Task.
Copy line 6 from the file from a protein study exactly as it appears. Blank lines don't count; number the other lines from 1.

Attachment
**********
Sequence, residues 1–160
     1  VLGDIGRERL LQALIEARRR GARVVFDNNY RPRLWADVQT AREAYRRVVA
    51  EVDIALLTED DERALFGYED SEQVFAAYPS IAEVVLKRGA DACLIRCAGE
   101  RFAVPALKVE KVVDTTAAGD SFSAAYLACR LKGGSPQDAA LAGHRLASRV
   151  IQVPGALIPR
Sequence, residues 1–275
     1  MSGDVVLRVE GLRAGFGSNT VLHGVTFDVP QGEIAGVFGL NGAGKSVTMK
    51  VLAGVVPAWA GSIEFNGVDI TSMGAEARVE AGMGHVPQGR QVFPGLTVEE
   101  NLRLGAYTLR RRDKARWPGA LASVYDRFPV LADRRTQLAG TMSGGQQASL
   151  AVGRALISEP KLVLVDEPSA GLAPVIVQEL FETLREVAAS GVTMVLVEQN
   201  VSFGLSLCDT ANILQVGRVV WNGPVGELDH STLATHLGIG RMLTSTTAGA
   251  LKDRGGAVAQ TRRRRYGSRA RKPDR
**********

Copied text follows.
Sequence, residues 1–275